1976 Porsche 911 Elictric – 320bhp road test eco car

2016 / 2017 Drive-My

Eco Porsche more than idle torque. How this classic 1976 Porsche 911 was converted to electric power. Take a 1970s Porsche and endow it with state-of-the-art zero-emissions electric power. Then simply unplug and play. Words: Richard Meaden. Photography: Andrew Tipping.

If the mere thought of a Toyota Prius brings you out in a rash (we sincerely hope it does), then this mid-1970s Porsche is the antidote you’re after. No, not because it pumps out more greenhouse gasses than a herd of flatulent beef steers, but because it emits nothing worse than the whine of a powerful electric motor. The story of this unique all-electric Porsche began when Joseph and Rhonda Gaudino contacted Steven Pisano at Sunshine State Restorations (SSR) in Tallahassee, Florida, about a rather special project. The Gaudinos’ dream was to prove it was possible to build a desirable, high-performance, electric car that required neither hundreds of millions in development money, nor Silicon Valley geekery to become a reality. Put simply, they wanted a plug-in driver’s car that would free them from the filling station, and provide inspiration for other imaginative car enthusiasts to do the same.

1976 Porsche 911 Elictric - 320bhp road test eco car

1976 Porsche 911 Elictric – 320bhp road test eco car – charged electric

When the Gaudinos located a tidy 1976 Porsche 912E, they knew they had found the ideal basis for their project. Inherently light, aerodynamic and significantly cheaper than the 911 with which it shares its good looks and structural underpinnings, the humble 912 was the perfect starting point for the Gaudinos’ vision of an iconic classic endowed with 21st century propulsion.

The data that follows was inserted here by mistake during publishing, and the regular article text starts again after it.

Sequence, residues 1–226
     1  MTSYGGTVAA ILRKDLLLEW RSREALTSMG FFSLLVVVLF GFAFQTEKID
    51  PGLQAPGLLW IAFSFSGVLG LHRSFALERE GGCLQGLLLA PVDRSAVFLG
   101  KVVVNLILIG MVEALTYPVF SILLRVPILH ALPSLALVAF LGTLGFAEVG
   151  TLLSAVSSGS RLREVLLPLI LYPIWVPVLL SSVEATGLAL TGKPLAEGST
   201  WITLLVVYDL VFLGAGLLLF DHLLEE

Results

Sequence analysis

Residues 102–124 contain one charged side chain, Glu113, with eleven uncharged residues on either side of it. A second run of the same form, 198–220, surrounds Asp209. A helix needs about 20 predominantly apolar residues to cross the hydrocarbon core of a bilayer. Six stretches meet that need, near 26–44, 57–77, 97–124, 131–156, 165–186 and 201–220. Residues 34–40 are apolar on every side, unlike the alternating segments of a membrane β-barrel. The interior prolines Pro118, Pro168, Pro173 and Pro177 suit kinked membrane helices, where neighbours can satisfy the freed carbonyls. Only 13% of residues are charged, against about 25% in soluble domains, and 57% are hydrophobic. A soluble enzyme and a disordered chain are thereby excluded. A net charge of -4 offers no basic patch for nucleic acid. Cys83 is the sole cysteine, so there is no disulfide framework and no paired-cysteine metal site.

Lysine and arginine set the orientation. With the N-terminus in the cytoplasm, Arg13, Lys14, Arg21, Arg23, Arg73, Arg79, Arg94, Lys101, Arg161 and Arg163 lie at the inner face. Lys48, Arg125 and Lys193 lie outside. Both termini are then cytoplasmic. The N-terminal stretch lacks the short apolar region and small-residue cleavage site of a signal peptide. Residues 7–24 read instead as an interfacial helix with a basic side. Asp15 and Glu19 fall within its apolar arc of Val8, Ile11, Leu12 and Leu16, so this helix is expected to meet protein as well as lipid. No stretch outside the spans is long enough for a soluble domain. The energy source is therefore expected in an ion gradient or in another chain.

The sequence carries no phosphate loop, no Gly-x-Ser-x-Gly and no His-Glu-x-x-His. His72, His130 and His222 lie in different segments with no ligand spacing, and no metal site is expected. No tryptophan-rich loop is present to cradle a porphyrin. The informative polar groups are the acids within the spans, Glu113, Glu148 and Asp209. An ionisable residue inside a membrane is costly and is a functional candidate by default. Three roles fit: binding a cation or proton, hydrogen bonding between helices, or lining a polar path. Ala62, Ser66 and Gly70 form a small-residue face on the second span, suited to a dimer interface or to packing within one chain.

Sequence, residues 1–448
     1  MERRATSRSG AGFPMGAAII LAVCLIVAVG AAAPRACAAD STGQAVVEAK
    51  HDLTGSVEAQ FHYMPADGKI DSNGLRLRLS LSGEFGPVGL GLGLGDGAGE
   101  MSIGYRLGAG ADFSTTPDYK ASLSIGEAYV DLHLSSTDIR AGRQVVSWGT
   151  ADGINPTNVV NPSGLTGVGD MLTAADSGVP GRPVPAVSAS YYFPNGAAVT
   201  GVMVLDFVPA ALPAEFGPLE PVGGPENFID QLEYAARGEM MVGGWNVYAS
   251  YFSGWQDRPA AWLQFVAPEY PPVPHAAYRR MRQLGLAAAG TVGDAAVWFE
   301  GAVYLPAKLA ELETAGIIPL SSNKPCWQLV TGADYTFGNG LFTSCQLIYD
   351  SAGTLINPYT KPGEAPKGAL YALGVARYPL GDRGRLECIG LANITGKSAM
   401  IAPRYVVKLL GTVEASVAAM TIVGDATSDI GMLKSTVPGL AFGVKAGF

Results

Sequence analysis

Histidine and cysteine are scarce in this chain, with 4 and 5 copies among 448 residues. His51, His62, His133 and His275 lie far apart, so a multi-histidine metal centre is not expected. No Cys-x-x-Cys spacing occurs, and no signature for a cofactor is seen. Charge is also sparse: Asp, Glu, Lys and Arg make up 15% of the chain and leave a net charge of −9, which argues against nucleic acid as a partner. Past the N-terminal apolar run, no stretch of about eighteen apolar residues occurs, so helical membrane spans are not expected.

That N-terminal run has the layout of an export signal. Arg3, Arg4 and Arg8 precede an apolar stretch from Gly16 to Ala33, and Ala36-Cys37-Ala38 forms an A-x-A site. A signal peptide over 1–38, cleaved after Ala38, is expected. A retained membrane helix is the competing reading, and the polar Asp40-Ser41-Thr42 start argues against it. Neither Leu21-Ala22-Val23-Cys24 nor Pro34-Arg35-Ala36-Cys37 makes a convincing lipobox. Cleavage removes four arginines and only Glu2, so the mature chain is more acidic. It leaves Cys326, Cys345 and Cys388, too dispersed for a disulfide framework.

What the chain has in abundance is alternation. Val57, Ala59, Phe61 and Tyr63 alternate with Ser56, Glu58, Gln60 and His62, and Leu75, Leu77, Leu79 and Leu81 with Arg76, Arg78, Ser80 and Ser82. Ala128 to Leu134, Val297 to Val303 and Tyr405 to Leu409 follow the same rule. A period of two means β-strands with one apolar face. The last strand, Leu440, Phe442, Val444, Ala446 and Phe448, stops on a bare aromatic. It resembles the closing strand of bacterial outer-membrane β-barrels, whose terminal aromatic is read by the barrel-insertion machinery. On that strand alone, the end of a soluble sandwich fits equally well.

Although Pisano (pictured, right) and SSR had plenty of traditional restoration experience, the company had never built an electric car before. Undaunted by the challenge and buoyed by the Gaudinos’ enthusiasm, the first major task for Pisano and his team was to identify and source the powertrain and batteries. After much research – and a list of components that sound more suited to a sci-fi movie than a 35-year-old Porsche-the combination of a NetGain Warp11 DC electric motor, Cafe Electric Zilla2K control system (as used by the gobsmacking KillaCycle’ electric drag racing team), and no fewer than 85 3.3-volt lithium-ion batteries (at a cost of $20,000!) were chosen as the best off-the-shelf powertrain for the task.

With each battery weighing just over 3 kg, the electric power pack is hefty to say the least. You then have to add the motor, control system and cabling but, because the old petrol engine was removed, the overall weight penalty isn’t as bad as you might expect. Pisano reckons the total gain is 258kg, bringing the all-up weight to almost 1350kg. With 320 electric horsepower to propel it, and the uniquely immediate torque characteristics of an electric motor to hoof it off the line, the 911E – it changed names when the old four-cylinder motor was removed – promises a decidedly un-1976 power-to-weight ratio and acceleration.

Below Front luggage compartment makes way for battery storage – and improves weight distribution as a result.

1976 Porsche 911 Elictric - 320bhp road test eco car

With the propulsion system decided, the more conventional task of restoring the ageing Porsche could commence, not to mention the extensive re-design and fabrication required to house the new motor and battery packs. For Pisano and his clients it was vital that the Porsche looked as stock as possible from the outside. Fortunately the rear-engined Porsche’s packaging lent itself perfectly to housing all the batteries.

Freed from the conventional 911 constraints of having all the weight hung out over the rear axle, Pisano and his team endeavoured to distribute it as evenly as possible. To do this they located 39 of the 85 batteries in the front luggage compartment, a further dozen where the rear seats would normally be found, and the remaining 34 batteries – divided into two packs of 17 – flanking the electric motor in the rear engine compartment.

With the electric powertrain safely installed, Pisano could concentrate on making the car look as good, and as standard, as possible. The body was sprayed in environmentally friendly BASF Glasurit paint, then hand-polished to a perfect finish, while Lesch Design trimmed the interior with leather, doing a brilliant job of concealing the cables that run fore and aft through the cockpit.

The neatest detailing – apart from the amusing ‘911E’ badge that sits on the tail – comes in the form of the car’s dashboard gauges. Refurbished by North Hollywood Speedometer to match the look of the original VDO dials, they wear new markings suitable for the electric motor’s redline, plus system voltage and current flow and the temperatures of the motor and power controller. It’s a neat job and typical of SSR and the Gaudinos’ attention to detail.